were ordinary open keys. The a' hole was closed by the first finger 
of the right hand, and the a' and a' \> by the third finger of the left. 

Mr. Carte also designed a clarinet with ordinary fingering, a thumb- 
plate taking the place of the thumb-hole ; but though the instrument 
can be played with the old fingering, a ring action for the first and 
second fingers of the left hand closes the g' hole, and the player is 
therefore enabled, if he wishes, to dispense with the use of the thumb 
except for opening the speaker key. This instrument (page 105) has 
been rather extensively used, and will be found described elsewhere ; 
as will also an instrument designed by Mr. Spencer, that has met 
with approval. Recent improvements in France have been made by 
Messrs. Evette and Schseffer, and by M. Paradis, a clarinet player in 
the band of the Garde Republicaine. 

About 1853 a Spaniard, named Antonio Romero y Andria, invented 
an elaborate instrument pierced with 28 holes, and which was pro-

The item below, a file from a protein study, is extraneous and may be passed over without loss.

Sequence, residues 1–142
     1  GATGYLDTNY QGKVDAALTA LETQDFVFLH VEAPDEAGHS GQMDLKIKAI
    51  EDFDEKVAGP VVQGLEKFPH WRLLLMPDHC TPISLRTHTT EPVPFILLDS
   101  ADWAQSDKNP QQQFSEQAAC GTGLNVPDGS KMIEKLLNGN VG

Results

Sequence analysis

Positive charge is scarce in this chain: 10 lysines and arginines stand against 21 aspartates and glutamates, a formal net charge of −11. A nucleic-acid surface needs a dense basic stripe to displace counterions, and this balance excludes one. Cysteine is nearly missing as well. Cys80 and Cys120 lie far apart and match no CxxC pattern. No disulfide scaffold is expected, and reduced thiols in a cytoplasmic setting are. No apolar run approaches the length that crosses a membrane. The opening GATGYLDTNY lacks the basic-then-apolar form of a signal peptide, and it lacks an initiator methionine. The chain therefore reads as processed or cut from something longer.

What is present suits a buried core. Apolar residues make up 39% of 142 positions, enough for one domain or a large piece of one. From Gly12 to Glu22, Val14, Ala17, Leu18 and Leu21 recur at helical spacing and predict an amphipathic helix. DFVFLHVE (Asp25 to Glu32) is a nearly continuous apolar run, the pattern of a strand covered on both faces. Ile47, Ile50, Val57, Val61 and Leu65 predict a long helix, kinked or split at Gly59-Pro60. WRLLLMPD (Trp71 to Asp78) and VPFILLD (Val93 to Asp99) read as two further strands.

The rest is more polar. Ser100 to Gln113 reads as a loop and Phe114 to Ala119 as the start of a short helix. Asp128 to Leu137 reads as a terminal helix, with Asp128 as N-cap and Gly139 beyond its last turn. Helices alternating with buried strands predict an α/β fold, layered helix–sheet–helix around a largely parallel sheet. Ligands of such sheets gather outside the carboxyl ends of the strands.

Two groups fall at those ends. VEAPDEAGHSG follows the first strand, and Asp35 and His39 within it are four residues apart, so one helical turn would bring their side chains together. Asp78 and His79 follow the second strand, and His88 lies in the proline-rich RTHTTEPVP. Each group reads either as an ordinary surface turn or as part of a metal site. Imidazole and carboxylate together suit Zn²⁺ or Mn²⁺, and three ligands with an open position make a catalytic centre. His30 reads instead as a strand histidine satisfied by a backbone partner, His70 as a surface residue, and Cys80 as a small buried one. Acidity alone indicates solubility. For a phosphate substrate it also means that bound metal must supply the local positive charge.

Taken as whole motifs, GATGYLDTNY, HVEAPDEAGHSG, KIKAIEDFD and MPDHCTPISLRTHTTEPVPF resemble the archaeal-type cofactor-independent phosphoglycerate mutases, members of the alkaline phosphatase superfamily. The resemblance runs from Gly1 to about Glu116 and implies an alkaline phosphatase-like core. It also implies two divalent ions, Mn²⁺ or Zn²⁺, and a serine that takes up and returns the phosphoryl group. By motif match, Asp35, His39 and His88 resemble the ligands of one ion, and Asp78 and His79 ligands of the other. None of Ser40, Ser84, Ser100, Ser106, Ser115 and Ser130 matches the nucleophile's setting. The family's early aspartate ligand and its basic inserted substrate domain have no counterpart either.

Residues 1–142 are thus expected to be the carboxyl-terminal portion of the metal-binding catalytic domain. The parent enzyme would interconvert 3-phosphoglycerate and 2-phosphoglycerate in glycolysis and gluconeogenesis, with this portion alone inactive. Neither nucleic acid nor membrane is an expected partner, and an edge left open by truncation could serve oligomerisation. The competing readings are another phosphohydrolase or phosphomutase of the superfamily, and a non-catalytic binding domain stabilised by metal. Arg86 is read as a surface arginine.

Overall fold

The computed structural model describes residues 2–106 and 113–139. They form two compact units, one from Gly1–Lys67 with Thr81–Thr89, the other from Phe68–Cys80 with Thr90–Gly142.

duced about 1862 by the maker Bi£, of Paris. The mechanism was 
based upon that of Buffet and Klose, and was extremely complicated. 
The invention simplified the fingering of certain passages, and removed 
certain difficulties of execution, but unfortunately caused a radical 
change in the fingering. So that, although adopted by the Con- 
servatoire of Madrid, the invention of Romero never entered into 
general use. A mechanism somewhat similar to that of Romero 
was patented in Paris by M. Andre Thibouville in 1886. The 
very great improvements, both in the method of boring and the 
application of the mechanism, that have been brought out by 
M. Albert, of Brussels, are so well known that they need only passing 
allusion here. 



CLASS— REED INSTRUMENTS. 107 

The clarinet, although invented in 1700, appears to have made but 
slow progress in England, and Grassineau's Musical Dictionary (1740) 
makes no mention of it, although describing particularly other wind 
instruments then in use. The chalumeau appears in the scores of 
Gluck, and this name possibly applied to the earlier forms of clarinet. 
The first composer who seems to have made much use of the clarinet